- Up until 1999 the law set its face against hearing any academic claim: see the decisions of the House of Lords in Sun Life Assurance Co. of Canada v Jervis  AC 111, 113-114; and Ainsbury v Millington (Note)  1 WLR 379, 381. In the latter case Lord Bridge stated that it was a fundamental feature of the judicial system that the courts decide disputes between the parties before them; they do not pronounce on abstract questions of law when there is no dispute to be resolved.
- However, in R v Secretary of State for the Home Department ex p Salem  1 AC 450, the House of Lords stipulated an exception to this absolute rule. Lord Slynn of Hadley stated at 456-457:
- “My Lords, I accept, as both counsel agree, that in a cause where there is an issue involving a public authority as to a question of public law, your Lordships have a discretion to hear the appeal, even if by the time the appeal reaches the House there is no longer a lis to be decided which will directly affect the rights and obligations of the parties inter se. The decisions in the Sun Life case and Ainsbury v. Millington (and the reference to the latter in Rule 42 of the Practice Directions Applicable to Civil Appeals (January 1996) of your Lordships’ House) must be read accordingly as limited to disputes concerning private law rights between the parties to the case.
The discretion to hear disputes, even in the area of public law, must, however, be exercised with caution and appeals which are academic between the parties should not be heard unless there is a good reason in the public interest for doing so, as for example (but only by way of example) when a discrete point of statutory construction arises which does not involve detailed consideration of facts and where a large number of similar cases exist or are anticipated so that the issue will most likely need to be resolved in the near future.”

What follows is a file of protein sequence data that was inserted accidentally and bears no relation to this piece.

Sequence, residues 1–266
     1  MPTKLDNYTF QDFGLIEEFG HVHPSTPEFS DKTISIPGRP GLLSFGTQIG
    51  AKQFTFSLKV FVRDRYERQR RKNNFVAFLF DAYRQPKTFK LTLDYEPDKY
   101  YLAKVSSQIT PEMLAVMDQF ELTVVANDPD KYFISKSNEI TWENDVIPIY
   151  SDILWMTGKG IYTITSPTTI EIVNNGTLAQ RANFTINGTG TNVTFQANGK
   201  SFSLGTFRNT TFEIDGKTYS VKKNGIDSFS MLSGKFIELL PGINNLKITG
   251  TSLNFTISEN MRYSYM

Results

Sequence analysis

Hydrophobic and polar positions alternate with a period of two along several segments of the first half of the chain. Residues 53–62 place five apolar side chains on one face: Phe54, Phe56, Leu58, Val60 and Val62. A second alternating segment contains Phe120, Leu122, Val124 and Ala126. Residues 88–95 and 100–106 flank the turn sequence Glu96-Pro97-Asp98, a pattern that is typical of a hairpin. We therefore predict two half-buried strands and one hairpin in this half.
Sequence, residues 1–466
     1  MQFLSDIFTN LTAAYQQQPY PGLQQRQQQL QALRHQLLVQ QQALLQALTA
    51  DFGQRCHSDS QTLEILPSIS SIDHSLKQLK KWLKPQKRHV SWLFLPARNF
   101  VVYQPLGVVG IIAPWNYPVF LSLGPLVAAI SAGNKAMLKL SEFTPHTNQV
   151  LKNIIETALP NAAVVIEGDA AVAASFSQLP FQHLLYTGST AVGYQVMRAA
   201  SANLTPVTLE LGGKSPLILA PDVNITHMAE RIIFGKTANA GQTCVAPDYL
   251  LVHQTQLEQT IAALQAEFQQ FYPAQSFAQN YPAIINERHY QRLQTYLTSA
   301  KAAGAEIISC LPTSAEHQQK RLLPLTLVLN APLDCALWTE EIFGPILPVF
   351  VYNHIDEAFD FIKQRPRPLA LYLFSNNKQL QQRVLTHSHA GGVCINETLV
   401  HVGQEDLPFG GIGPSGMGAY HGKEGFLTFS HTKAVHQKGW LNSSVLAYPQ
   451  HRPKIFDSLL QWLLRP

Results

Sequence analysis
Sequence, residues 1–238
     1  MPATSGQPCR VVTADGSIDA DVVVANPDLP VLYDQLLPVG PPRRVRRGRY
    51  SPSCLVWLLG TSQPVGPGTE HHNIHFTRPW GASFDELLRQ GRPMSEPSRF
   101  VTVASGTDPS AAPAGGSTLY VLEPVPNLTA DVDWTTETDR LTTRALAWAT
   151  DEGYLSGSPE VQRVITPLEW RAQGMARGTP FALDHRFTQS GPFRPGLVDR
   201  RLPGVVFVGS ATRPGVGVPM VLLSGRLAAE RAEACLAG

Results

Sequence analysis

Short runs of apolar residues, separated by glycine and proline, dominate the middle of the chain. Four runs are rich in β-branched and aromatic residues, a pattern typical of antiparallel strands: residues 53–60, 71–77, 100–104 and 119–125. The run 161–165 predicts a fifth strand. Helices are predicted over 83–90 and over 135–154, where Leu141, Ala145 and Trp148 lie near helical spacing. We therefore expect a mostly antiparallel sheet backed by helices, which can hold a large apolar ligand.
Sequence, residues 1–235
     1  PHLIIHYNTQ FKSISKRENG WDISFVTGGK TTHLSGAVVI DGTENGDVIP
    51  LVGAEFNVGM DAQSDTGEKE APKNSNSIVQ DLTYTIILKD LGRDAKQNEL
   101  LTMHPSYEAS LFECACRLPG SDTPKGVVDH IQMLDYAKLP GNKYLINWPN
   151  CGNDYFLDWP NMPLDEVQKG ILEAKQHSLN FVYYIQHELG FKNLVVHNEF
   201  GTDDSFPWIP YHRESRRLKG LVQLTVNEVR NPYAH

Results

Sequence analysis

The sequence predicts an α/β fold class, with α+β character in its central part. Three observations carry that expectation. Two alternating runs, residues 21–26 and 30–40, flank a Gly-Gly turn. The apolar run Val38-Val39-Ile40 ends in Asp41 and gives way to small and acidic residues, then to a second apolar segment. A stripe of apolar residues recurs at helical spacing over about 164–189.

- Although I have had cited to me many subsequent authorities, all of them seem to me to be no more than illustrations of the Salem principle. This is straightforward. The court should exercise its discretion to hear an academic application in the public law field with caution. It should only hear such an application where there is a good reason in the public interest to do so.
- Lord Slynn gives as an example the situation where a discrete point of statutory interpretation arises which does not involve detailed consideration of facts and where a large number of similar cases are anticipated. In such circumstances there will be little difficulty in deciding that there is a good reason in the public interest to hear the academic claim. That seems obvious. However, I do not deduce from that illustration a rule that a good reason in the public interest for hearing the claim can only be shown if a large number of cases would be thereby affected. It all depends on the context.
- In this case it is certainly true that there have not been many reported cases of proceedings under Part IV of the Children Act 1989 involving the children of serving diplomats. But so what? If the resolution of the academic issue helps to protect even one such child in peril, then that surely is a good reason in the public interest to hear it.
That’s stirring stuff, and if my chair wasn’t a swivel one with wheels, I’d be climbing on it to punch the air and shout “Captain My Captain” like Dead Poets Society.
So, there will be a hearing about whether the provisions are incompatible with the HRA. Nobody knows how that will go. The Secretary of State has been joined, and there’s a significant Government interest in not futzing with the provisions of what diplomatic immunity mean (they have to think about their own overseas diplomats, international relations and all sorts of things that I absolutely don’t think are as important as making sure children aren’t beaten, but we have different jobs and different hats)
Wait and see how the argument goes.